Rae: The Affiliate Summit Expo Hall and Meet Market is undoubtedly the most packed (with both exhibitors and attendees) expo hall I’ve ever witnessed in the “non-adult” sector of Internet marketing. How do you guys manage to consistently sell out expo space at lightning speed?

Missy: What’s interesting about our show is that we spend very little money advertising it….maybe a couple of hundred bucks in Google each month. Heck, we don’t even have a sales force calling people to get companies to exhibit or sponsor.

I blame our growth on our attendees themselves. :) We’ve listened to what they have had to say and have tried to provide them with the experience that they’re looking for. In return, they’ve been our brand ambassadors and have helped the show grow for eight consecutive years.

Rae: So what’s next for Affiliate Summit? Are you content with where you are or is there a next level after the immense success it has already achieved?

Missy: Content? Nah. I don’t know how to operate in neutral. Neither does Shawn, my business partner. So yes, we have plans to grow Affiliate Summit much larger than the 4600+ attendees that were at Affiliate Summit West 2011. That being said, we’ve just launched some new initiatives to help build and strengthen the affiliate marketing community with our new Affiliate Summit Meetup Groups around the country and our new forum, both of which are free.

Rae: You are undoubtedly one of the most charitable individuals I’ve ever had the pleasure to know. Can you tell us a little bit about your charity efforts and why you are as devoted to giving back to the world as you are?

Missy: I consider myself very fortunate at this point in my life. I have a great family, I am financially comfortable and I’ve made thousands of friends and contacts in an industry that I love.

missy and team on the avon BC walkI felt that I shouldn’t waste the position that I’ve found myself in, so I created Affiliate Marketers Give Back.

Its goal is two-fold; to raise money to support Breast Cancer research, treatment, awareness and community programs through combined efforts within the Affiliate Marketing Industry and also provide an outlet for people to help themselves by uplifting others in a ways that another piña colada-filled vacation, more “stuff” or a beefier resume couldn’t possibly begin to do.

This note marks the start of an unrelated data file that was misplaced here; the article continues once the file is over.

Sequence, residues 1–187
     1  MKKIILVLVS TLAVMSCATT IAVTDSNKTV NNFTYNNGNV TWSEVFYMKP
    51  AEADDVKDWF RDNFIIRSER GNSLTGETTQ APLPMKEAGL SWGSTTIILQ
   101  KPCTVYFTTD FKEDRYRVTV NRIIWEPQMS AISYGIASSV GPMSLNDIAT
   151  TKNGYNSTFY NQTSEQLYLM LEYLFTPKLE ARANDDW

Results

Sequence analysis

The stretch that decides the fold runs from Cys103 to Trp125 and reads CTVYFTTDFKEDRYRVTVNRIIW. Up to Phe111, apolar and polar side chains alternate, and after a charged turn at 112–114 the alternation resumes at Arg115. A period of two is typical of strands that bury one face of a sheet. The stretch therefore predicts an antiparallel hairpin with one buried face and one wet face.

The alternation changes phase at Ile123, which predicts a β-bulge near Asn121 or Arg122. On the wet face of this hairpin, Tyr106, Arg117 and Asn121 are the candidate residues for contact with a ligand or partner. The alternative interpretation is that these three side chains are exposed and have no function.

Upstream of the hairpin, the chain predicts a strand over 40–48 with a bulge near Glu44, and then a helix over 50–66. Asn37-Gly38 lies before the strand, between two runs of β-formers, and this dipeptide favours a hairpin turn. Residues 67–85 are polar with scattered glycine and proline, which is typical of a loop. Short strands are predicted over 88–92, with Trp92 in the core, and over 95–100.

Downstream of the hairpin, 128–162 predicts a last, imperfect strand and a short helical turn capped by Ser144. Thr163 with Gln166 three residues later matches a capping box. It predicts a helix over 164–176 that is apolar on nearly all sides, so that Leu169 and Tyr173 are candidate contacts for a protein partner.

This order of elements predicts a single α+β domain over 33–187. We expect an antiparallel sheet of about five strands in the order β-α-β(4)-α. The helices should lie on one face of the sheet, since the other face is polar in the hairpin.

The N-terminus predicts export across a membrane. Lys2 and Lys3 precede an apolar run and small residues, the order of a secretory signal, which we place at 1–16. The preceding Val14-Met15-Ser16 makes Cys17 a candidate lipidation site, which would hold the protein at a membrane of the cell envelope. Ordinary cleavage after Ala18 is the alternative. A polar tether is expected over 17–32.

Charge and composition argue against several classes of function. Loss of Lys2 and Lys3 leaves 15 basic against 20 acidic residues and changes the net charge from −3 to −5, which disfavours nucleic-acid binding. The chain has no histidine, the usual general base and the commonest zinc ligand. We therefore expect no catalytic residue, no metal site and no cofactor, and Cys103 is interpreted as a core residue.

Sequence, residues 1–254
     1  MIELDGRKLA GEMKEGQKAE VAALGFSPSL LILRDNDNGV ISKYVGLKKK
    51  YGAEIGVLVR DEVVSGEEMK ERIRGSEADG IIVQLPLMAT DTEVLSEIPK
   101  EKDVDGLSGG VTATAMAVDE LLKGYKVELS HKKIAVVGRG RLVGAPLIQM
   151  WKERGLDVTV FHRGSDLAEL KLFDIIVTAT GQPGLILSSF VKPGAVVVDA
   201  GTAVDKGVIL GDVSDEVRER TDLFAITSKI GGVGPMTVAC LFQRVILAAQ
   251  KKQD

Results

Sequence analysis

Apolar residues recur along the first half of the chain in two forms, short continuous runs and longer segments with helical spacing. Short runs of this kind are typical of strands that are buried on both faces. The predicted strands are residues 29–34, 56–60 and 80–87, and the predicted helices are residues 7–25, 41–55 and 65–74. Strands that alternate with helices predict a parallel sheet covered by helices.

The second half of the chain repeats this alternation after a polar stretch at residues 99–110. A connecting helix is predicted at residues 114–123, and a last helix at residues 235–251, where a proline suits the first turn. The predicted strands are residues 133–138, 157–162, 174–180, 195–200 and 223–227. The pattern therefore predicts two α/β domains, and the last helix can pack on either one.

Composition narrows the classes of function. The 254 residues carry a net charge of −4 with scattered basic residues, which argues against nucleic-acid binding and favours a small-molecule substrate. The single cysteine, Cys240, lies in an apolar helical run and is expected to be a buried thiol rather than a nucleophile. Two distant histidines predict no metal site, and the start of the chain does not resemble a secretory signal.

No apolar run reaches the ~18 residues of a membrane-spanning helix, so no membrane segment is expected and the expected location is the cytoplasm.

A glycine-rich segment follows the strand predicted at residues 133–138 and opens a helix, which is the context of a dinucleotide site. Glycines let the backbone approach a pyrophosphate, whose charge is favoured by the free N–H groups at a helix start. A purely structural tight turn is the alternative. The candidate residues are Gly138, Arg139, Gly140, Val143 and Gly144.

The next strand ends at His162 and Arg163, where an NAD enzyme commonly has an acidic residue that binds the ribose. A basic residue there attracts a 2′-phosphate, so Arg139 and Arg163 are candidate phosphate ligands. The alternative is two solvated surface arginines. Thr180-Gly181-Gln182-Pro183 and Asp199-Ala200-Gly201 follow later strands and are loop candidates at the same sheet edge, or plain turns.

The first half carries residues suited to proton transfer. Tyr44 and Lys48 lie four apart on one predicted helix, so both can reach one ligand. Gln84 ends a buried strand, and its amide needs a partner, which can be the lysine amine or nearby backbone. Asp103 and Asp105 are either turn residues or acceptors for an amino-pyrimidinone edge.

To date, we’ve raised over $250,000 which has been donated to Susan G. Komen for the Cure, Avon Walk for Breast Cancer and the National Breast Cancer Foundation.

Rae: You seriously are one of the most creative fundraisers I’ve seen. Your latest venture is Signorina. Can you tell us where you got the idea and how it helps raise money for Breast Cancer?

Missy: Well anyone that knows me, knows that I’m a total wine-geek and I’m on my way to becoming a Master Sommelier – albeit, slowly. One of my favorite things is to share the wine knowledge that I’ve accumulated with friends and get to introduce them to wines they might enjoy. So I decided that I’d couple my two favorite passions together and create a wine that I’d be proud to stick my name on and use it as a way to help fight breast cancer. So, I created Signorina Wine to do just that.

It’s a 2008 burgundy-style blend with all grapes sourced from some fantastic vineyards in Napa and there are only 100 bottles of it in in existence. Anyone that makes a $100 donation to my 2011 Avon Walk for Breast Cancer gets a bottle of it shipped to them for free. I’ve sold about 70 bottles in the last couple of weeks so far. It’s really exciting to see people posting their pictures and tweeting about how much they’ve enjoyed it.

Is Pinterest part of your marketing plan?

Check out my recent case study that shows how I generated 234,000+ pins (and counting) to a site with only 45 posts. I give you all the details (with specifics) here.